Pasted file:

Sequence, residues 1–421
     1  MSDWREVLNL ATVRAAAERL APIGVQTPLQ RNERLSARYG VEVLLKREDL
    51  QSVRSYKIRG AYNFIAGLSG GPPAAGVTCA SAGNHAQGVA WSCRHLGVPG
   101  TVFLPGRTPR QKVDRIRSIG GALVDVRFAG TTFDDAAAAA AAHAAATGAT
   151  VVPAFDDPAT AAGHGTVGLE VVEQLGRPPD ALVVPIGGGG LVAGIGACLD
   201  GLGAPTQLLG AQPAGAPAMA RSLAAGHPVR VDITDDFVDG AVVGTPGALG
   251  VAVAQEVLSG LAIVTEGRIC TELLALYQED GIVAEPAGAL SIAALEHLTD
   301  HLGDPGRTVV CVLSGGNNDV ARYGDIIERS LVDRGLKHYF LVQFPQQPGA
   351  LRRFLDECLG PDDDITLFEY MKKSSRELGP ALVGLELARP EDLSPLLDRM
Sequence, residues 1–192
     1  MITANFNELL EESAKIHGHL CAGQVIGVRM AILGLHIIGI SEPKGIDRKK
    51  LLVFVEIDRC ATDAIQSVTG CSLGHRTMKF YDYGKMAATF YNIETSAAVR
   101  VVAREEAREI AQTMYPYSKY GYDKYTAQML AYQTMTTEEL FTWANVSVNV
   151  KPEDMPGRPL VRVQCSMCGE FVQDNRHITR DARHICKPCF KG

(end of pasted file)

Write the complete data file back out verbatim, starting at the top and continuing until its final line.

Sequence, residues 1–421
     1  MSDWREVLNL ATVRAAAERL APIGVQTPLQ RNERLSARYG VEVLLKREDL
    51  QSVRSYKIRG AYNFIAGLSG GPPAAGVTCA SAGNHAQGVA WSCRHLGVPG
   101  TVFLPGRTPR QKVDRIRSIG GALVDVRFAG TTFDDAAAAA AAHAAATGAT
   151  VVPAFDDPAT AAGHGTVGLE VVEQLGRPPD ALVVPIGGGG LVAGIGACLD
   201  GLGAPTQLLG AQPAGAPAMA RSLAAGHPVR VDITDDFVDG AVVGTPGALG
   251  VAVAQEVLSG LAIVTEGRIC TELLALYQED GIVAEPAGAL SIAALEHLTD
   301  HLGDPGRTVV CVLSGGNNDV ARYGDIIERS LVDRGLKHYF LVQFPQQPGA
   351  LRRFLDECLG PDDDITLFEY MKKSSRELGP ALVGLELARP EDLSPLLDRM
Sequence, residues 1–192
     1  MITANFNELL EESAKIHGHL CAGQVIGVRM AILGLHIIGI SEPKGIDRKK
    51  LLVFVEIDRC ATDAIQSVTG CSLGHRTMKF YDYGKMAATF YNIETSAAVR
   101  VVAREEAREI AQTMYPYSKY GYDKYTAQML AYQTMTTEEL FTWANVSVNV
   151  KPEDMPGRPL VRVQCSMCGE FVQDNRHITR DARHICKPCF KG